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Welcome to my mid-life crisis!
Welcome to the September issue of MyAtari magazine and to my personal mid-life crisis! Allow me to elaborate...

A few days ago, I celebrated my 25th birthday. Now I know what you are thinking... why is he making such a song and dance over this? Well, while I agree that I should be able to think clearly and rationally about this, and it shouldn't be a big deal because I am only twenty-five... but I'M TWENTY-FIVE!

OK, perhaps I am overreacting a little.

Or am I? As social pressures and the demands of work mount on my generation, we are seeing what used to be considered a thirty-something problem becoming a twenty-something problem. But what are the long term repercussions of having a mid-life crisis so young? Well, recent research indicates that the human species is living longer than ever before. Therefore, as it is highly likely that I will reach 100 years of age, this is technically only my quarter-life crisis. Oh no!

The frustrating thing is that until I began to write this foreword, the thought of being twenty-five had not bothered me. The build up to my birthday was nothing out of the ordinary: work, followed by sleep, followed by more work, followed by a party in which I drank huge amounts of alcohol with friends and family, followed by an enormous hangover.

Although it wasn't particularly obvious at the time, with hindsight I'm amazed it took me this long to work it out. For example, I recently began thinking about getting a pension and a mortgage as well as actively taking more exercise - I can't believe I even considered joining a gym!

Thankfully - before things got out of hand - a dear friend of mine told me to stop being stupid and join him down the pub for a drink. So there you have it, my life in a nutshell (which is also a very good song by the Barenaked Ladies).

On a lighter note, I would like to quickly take the opportunity to thank everyone who recently e-mailed us to tell us what a "fantastic" issue August 2002 was and how it was our "best issue so far!". Thank you, we really appreciate it :-) I can assure you that we have no intention of sitting on our laurels and are continually trying to improve the magazine. So, if you have any comments or suggestions, please e-mail them to me at the address below.

Until next month,

Matthew Bacon

Matthew Bacon, Editor

P.S. For the record, I'm not having a mid-life crisis ;-) honest! However, for those that are, below are some web sites you might find of interest.

P.P.S. Just a quick reminder that next month we will be celebrating our second birthday here at MyAtari - hurrahhh!

Useful links

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Dream system
How do enthusiasts differ from mainstream consumers? For a start, they read magazines like this one, and when it comes to buying, they know exactly what they want and why they want it, all beforehand. Furthermore, just to get a job done is not good enough, it has to be done a certain way and be forward-thinking, even if only to fulfil idealisms of luxury rather than day-to-day needs. That means careful planning (and perhaps a little dreaming), as I did at school during many a GCSE Science lesson over 11 years ago.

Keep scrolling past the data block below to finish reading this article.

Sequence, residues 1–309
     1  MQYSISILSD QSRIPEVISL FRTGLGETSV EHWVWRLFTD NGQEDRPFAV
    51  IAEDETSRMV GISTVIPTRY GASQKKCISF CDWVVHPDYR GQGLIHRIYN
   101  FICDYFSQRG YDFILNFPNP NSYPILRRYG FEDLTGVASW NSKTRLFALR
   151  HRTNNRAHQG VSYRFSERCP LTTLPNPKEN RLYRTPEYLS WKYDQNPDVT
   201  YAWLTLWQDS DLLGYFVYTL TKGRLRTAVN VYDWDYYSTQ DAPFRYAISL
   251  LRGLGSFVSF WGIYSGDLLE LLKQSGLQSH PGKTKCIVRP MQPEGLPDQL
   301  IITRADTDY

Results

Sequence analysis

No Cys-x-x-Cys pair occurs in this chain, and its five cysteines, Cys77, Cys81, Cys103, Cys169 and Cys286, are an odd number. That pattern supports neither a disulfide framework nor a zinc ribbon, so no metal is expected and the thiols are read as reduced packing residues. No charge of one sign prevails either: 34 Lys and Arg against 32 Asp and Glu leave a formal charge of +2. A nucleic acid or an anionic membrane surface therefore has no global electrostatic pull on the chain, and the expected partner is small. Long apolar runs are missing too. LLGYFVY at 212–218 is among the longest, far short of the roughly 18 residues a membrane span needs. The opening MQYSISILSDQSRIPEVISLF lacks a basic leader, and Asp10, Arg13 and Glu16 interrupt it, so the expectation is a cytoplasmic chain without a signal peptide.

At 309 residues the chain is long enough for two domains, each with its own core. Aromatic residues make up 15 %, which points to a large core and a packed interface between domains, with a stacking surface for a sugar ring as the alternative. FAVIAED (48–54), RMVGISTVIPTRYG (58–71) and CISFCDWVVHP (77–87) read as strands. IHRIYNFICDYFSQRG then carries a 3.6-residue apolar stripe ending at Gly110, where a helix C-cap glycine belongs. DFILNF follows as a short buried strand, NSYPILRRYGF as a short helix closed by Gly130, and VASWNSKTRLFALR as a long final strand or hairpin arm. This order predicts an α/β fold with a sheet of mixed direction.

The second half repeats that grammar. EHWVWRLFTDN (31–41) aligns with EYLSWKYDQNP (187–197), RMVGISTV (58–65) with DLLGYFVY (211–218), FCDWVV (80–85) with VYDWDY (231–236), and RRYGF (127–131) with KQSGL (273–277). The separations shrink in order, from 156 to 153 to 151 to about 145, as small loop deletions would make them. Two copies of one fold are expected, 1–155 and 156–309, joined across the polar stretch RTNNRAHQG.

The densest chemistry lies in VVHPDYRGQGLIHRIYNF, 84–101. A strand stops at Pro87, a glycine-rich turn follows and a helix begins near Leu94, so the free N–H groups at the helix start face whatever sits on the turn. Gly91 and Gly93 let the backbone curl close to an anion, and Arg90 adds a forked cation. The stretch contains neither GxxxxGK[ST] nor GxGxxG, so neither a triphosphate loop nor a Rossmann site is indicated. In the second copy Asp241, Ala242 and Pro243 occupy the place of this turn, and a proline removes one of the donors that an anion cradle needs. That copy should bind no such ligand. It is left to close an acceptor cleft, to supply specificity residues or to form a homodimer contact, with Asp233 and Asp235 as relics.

The situation: A stock 800XL and 1050 disk drive formed my system of the time. In late 1989 I had re-discovered Page 6 magazine as New Atari User, at a newsagent on London's Charing Cross Road. By issue 41 (December/January) the magazine was advertising the Dutch High Tech Team's Big Atari 8-bit Demo, starting off my great interest in new software and accessories. Before long I had also been struck by acute ST fever and also wanted one of those, to supplement my 8-bit. Atari's newfangled STE was out of the starting blocks and its revised specifications seemed worth the wait.

Starting with the 800XL, its screen, a television set, would be relinquished for the ST, and in its place would be a Casio pocket LCD television. Having seen the Lynx hand-held in action, I thought the XL's graphics would also look very smart in miniature.

[Image: Ultimate set-up diagram]

[Photo: Atari's STE package trio]

Daisy-chained to the 1050 disk drive would be Page 6's Taritalk serial interface for data transfer. You can tell that's an STE in the diagram because it has stereo audio outputs. It would be the 520STE Turbo Pack, a really slick looking bundle including Blood Money, one of my favourite ST games.

Hard disks were still the exclusive preserve of those with very deep pockets so an external second floppy drive would have to suffice. A MIDI keyboard and stereo sampling cartridge would round off the music abilities while both machines would be connected to a Tascam Portastudio (no idea how much those cost but the school's music department had one and it was a definite step up from the radio-cassette players I'd been using), for recording all those demo and game soundtracks to play in my Walkman. For enjoying the music "live" I'd have a quality reverb unit and amplifier with a good pair of bookshelf speakers.

Since then, and without really noticing because of all the hard work along the way, I've gradually built that dream system and then some, thanks to technological evolution and twists of fate.

Do I get any work done? Of course not.

Shiuming Lai

Shiuming Lai, Features and Technical Editor


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MyAtari magazine - Feature #1, September 2002

Copyright 2002 MyAtari magazine